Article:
Being the youngest of three (sister is 5 years older and brother is 9 years older), I was left to entertain myself. This first took the form of making up stories with my action figures, and then quickly turned to reading all sorts of interesting books. I had a fascination with the Goosebumps stories when I was in third grade, and became convinced that I could write one myself. That story wasn't the best in the world (it sucked honestly), but it has the marquee of being first.

Fast-forward a few years to my discovery of The Hobbit during seventh-grade English class. And yes, folks, that one book set me off and running. I read Lord of the Rings, and tried to write an epic fantasy not long after. All through high school I worked on several versions of that story and a series of shorts based around another character; meanwhile my appetite for novels just wouldn't stop. So while I was learning how to write research papers for my classes (something I found crazy easy), I was also learning the facets of good writing by reading copious amounts.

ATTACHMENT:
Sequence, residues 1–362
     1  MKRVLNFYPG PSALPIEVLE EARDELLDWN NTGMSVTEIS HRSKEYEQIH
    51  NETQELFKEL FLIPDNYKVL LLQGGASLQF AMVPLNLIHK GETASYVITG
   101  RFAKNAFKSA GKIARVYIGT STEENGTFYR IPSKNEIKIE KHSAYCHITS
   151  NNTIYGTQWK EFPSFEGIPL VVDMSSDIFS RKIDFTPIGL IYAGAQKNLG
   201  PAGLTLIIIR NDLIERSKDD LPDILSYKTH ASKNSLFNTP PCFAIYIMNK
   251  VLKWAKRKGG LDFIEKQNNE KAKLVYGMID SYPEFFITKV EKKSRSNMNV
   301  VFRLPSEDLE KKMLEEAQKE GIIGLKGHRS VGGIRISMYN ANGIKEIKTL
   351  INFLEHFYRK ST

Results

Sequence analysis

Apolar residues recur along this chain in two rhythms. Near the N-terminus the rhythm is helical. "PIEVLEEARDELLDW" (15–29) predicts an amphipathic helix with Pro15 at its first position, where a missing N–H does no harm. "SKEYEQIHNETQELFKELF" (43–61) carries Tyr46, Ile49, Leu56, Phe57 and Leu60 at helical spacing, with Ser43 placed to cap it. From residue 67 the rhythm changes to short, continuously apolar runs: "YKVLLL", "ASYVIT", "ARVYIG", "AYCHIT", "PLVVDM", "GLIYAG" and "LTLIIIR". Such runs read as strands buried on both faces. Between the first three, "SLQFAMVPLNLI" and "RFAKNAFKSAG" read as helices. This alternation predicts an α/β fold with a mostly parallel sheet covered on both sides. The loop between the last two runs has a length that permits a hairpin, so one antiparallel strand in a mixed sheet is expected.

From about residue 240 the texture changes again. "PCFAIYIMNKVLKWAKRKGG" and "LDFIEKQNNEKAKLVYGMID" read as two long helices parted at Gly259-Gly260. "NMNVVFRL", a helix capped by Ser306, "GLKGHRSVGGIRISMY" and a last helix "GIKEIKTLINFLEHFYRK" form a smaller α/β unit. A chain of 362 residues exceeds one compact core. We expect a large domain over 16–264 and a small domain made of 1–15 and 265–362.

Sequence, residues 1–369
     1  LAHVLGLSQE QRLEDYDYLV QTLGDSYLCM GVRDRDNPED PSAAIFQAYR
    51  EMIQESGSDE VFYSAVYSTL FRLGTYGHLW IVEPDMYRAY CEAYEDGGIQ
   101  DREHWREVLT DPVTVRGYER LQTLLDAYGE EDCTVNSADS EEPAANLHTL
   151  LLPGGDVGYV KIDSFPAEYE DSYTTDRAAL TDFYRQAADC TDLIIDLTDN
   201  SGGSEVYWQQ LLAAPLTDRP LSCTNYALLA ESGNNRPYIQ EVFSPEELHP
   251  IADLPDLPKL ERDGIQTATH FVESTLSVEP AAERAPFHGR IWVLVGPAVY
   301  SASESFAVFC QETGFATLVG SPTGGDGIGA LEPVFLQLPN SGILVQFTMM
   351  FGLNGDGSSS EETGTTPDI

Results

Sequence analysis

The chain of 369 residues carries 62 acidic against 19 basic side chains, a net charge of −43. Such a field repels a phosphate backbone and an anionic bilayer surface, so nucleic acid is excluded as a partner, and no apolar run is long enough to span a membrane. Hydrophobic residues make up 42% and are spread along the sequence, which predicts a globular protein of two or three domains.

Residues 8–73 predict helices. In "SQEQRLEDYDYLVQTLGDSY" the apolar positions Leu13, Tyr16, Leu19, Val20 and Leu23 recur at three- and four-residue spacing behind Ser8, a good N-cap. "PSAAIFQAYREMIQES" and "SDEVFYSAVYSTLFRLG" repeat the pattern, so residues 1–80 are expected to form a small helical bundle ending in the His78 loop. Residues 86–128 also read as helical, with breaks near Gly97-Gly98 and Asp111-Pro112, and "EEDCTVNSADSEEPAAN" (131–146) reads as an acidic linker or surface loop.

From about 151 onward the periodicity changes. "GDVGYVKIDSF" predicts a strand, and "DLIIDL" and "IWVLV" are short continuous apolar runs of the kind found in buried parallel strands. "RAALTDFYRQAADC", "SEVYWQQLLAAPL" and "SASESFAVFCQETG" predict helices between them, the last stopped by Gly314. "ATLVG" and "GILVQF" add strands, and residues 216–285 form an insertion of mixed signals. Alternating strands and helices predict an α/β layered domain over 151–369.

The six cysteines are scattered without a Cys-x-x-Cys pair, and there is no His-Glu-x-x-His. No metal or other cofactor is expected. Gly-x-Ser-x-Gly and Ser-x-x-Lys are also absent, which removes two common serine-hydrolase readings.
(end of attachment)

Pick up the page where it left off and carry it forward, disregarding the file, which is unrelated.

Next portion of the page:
I'm convinced, by my experience and what I've heard from others, that this is the only proper way to learn how to write. Read a lot, practice writing, and repeat. The "grammar rules" that I'm supposed to know as an editor are more or less lost to me. Hell, the only reason I know what a compound modifier is is because someone explained it to me while I was working at the job I had before my current one. I edit on instinct, and I learned to write on the same. Granted, I lucked out that my instincts are darn good (this is gleaned from what other people have told me -- I tend to not think highly of my own skills, but what writer does?) because of the wordsmithy in my family history, but still.